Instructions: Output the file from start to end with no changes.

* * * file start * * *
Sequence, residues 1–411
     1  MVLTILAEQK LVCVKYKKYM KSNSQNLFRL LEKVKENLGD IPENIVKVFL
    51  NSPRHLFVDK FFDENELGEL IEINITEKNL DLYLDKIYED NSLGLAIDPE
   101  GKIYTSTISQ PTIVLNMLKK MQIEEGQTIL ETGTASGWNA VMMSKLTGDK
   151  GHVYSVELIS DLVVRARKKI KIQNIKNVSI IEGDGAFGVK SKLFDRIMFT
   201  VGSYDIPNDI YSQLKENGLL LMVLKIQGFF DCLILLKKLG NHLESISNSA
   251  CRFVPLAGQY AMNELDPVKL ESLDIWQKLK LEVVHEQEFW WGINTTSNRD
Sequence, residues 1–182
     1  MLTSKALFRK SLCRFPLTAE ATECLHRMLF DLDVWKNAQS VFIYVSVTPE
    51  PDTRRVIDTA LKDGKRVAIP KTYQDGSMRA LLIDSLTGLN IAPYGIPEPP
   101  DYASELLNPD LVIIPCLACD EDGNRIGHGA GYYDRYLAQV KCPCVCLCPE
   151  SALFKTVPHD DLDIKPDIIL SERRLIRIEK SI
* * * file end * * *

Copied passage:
Sequence, residues 1–411
     1  MVLTILAEQK LVCVKYKKYM KSNSQNLFRL LEKVKENLGD IPENIVKVFL
    51  NSPRHLFVDK FFDENELGEL IEINITEKNL DLYLDKIYED NSLGLAIDPE
   101  GKIYTSTISQ PTIVLNMLKK MQIEEGQTIL ETGTASGWNA VMMSKLTGDK
   151  GHVYSVELIS DLVVRARKKI KIQNIKNVSI IEGDGAFGVK SKLFDRIMFT
   201  VGSYDIPNDI YSQLKENGLL LMVLKIQGFF DCLILLKKLG NHLESISNSA
   251  CRFVPLAGQY AMNELDPVKL ESLDIWQKLK LEVVHEQEFW WGINTTSNRD
Sequence, residues 1–182
     1  MLTSKALFRK SLCRFPLTAE ATECLHRMLF DLDVWKNAQS VFIYVSVTPE
    51  PDTRRVIDTA LKDGKRVAIP KTYQDGSMRA LLIDSLTGLN IAPYGIPEPP
   101  DYASELLNPD LVIIPCLACD EDGNRIGHGA GYYDRYLAQV KCPCVCLCPE
   151  SALFKTVPHD DLDIKPDIIL SERRLIRIEK SI